• Massachusetts Project LAUNCH was successful in integrating early childhood mental health services in pediatric primary care by creating a unique partnership within the pediatric medical home. The partnership consists of a “family colleague” (a trained parent who works directly with families to navigate health care systems) and an early childhood mental health clinician. Massachusetts Project LAUNCH also created a resource-rich guide called the Early Childhood Mental Health Toolkit: Integrating Mental Health Services Into the Pediatric Medical Home. The toolkit is intended for use by primary care practices with or without mental health staff.
  • Project LAUNCH in Wisconsin has helped raise awareness about the importance of children’s social–emotional development as part of their overall wellness. Recognizing the shortage of child psychiatrists, the Wisconsin legislature has allocated funding to develop a Child Psychiatric Consultation Line for pediatric and primary care physicians, which offers support to pediatric and primary care physicians for providing mental health care to patients.
  • Pokegon, a tribe from the Project LAUNCH Bodewadmi Consortium, has co-located mental health and primary care services. Providers are working to make sure referrals are completed with “warm” handoffs, ensuring that families successfully access resources and services.

Beyond the Grant: LAUNCH Grantees’ Successes in Expanding and Sustaining Services to Children and Families

This brief highlights many notable and emerging successes of grantees in expanding and sustaining services for children and families in the five core Project LAUNCH strategies (screening and assessment; enhanced home visiting through increased focus on social and emotional well-being; mental health consultation in early care and education programs; family strengthening and parent skills training; and integration of behavioral health into primary care settings).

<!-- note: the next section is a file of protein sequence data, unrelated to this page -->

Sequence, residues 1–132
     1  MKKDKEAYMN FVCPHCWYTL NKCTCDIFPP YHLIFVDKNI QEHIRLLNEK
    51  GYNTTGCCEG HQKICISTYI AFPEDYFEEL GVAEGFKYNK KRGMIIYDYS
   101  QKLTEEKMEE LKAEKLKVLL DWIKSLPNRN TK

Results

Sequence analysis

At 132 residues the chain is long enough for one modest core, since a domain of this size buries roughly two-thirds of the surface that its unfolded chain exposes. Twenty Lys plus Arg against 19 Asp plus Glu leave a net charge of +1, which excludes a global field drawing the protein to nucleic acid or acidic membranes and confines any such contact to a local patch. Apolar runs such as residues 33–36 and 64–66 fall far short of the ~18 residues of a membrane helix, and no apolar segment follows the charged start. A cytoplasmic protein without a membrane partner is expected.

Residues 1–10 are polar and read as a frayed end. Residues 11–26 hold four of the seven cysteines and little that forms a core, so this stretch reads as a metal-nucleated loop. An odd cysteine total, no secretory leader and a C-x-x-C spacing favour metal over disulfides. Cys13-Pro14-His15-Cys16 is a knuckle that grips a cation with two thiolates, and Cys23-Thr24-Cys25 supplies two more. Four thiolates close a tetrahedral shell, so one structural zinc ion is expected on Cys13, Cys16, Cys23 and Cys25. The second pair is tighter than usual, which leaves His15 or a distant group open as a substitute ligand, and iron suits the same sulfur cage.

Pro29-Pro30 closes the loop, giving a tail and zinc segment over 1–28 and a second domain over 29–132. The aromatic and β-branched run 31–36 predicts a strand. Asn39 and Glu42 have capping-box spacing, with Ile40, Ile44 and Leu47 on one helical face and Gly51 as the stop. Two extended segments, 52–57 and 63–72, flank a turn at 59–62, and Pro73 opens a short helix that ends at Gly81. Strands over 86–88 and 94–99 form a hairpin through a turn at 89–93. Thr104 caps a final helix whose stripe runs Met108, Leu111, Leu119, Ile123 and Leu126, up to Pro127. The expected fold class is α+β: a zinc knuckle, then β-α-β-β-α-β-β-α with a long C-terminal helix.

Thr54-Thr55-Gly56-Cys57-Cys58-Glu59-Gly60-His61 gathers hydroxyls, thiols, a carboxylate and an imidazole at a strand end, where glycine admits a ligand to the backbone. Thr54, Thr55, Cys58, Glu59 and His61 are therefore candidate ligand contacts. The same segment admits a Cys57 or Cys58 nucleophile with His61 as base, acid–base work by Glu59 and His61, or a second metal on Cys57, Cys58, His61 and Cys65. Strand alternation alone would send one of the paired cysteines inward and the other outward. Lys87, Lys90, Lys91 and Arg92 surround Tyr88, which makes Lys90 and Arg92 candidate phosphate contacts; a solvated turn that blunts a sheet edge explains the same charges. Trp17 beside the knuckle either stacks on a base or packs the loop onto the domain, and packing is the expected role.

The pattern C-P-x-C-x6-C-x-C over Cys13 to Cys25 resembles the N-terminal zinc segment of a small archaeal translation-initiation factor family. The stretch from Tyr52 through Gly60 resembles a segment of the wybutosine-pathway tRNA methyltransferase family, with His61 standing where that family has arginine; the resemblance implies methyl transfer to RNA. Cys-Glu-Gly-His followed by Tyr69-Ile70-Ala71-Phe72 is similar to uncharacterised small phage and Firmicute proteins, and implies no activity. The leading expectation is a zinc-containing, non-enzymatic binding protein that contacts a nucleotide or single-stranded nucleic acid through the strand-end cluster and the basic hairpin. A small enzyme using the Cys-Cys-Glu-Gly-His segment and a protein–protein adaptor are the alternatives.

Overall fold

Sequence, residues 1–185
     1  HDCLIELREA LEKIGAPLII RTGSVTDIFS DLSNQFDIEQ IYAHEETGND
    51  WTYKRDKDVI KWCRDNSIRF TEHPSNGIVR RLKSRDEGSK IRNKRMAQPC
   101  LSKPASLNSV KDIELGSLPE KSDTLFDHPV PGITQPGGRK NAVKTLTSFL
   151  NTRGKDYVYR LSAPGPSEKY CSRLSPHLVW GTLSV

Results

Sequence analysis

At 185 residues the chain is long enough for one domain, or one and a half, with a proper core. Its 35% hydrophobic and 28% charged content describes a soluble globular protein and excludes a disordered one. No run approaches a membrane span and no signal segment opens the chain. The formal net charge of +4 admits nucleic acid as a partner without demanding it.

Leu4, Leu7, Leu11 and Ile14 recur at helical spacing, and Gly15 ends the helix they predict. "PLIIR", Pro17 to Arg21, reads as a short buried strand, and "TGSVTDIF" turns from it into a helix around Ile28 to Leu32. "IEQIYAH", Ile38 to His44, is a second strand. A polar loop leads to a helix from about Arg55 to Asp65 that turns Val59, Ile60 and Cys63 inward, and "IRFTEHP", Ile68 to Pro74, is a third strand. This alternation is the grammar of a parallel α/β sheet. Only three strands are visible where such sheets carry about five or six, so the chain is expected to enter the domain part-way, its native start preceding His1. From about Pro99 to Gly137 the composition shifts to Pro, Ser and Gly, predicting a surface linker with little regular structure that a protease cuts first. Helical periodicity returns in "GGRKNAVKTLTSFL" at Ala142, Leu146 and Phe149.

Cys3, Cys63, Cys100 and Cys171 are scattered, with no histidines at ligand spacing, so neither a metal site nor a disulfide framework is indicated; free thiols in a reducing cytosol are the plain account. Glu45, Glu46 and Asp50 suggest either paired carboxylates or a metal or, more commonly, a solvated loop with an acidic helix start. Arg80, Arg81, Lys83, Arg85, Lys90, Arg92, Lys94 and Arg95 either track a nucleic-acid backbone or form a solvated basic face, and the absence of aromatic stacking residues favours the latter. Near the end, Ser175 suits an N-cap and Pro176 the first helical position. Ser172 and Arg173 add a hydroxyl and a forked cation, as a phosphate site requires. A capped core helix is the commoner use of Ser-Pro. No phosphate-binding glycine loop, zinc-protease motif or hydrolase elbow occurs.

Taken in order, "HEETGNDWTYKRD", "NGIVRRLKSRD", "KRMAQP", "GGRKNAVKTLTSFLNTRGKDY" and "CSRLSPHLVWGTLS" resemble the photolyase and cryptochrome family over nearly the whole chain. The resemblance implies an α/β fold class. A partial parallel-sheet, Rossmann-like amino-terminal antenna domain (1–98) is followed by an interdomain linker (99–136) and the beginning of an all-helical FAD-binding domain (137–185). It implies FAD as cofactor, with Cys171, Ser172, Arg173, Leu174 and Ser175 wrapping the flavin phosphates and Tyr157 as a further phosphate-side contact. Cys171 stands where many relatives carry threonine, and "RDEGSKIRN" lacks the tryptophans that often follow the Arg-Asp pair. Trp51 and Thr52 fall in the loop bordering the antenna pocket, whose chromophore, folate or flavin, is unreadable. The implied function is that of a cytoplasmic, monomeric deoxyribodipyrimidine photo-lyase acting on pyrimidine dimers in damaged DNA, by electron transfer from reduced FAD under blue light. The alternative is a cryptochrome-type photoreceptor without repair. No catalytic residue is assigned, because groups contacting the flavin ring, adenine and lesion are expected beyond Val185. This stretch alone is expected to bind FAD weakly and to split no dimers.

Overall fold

Early Childhood Mental Health Toolkit: Integrating Mental Health Services into the Pediatric Medical Home

Massachusetts Project LAUNCH offers a comprehensive collection of tools and guidance for integrating early childhood mental health staff, including a family partner, into the pediatric primary care setting. The toolkit supports the building of a core team;  promotion, prevention, and intervention focused services; the development of systems across the medical home; and evaluation and sustainability efforts.

Wisconsin LAUNCH Integration of Behavioral Health into Primary Care Settings Summary

Wisconsin Project LAUNCH summarizes their work to promote the integration of behavioral health into primary care focused on five initiatives, including provider training, behavioral health integration pilot project/brief module development, joint release of information form, primary care provider consultation line and governor’s early care and education advisory council.

Launching Forward: The Integration of Behavioral Health In Primary Care as a Key Strategy for Promoting Young Child Wellness

Analyzes the experiences of a sample of Project LAUNCH grantees, describing 10 common elements of integration approaches and exploring some of the challenges of promoting health and preventing social, emotional, and behavioral challenges at a population level.

Suicide Safe: The Suicide Prevention App for Health Care Providers

Shares information about SAMHSA's "Suicide Safe" free app that helps healthcare providers, in particular primary care providers, integrate suicide prevention strategies into their practice and address suicide risk among their patients. Key features include patient and provider educational material, treatment locator, sample cases, and conversation starters.

SAMHSA–Health Resources and Services Administration Center for Integrated Health Solutions: Standard Framework for Levels of Integrated Healthcare

Helps primary and behavioral health care provider organizations improve outcomes by fostering an understanding of where they are on the integration continuum. This six-level framework can be used for planning; creating a common language to discuss integration, progress, and financing; supporting assessment and benchmarking efforts; explaining integration efforts to stakeholders; and clarifying differences in vision between two or more partnering organizations.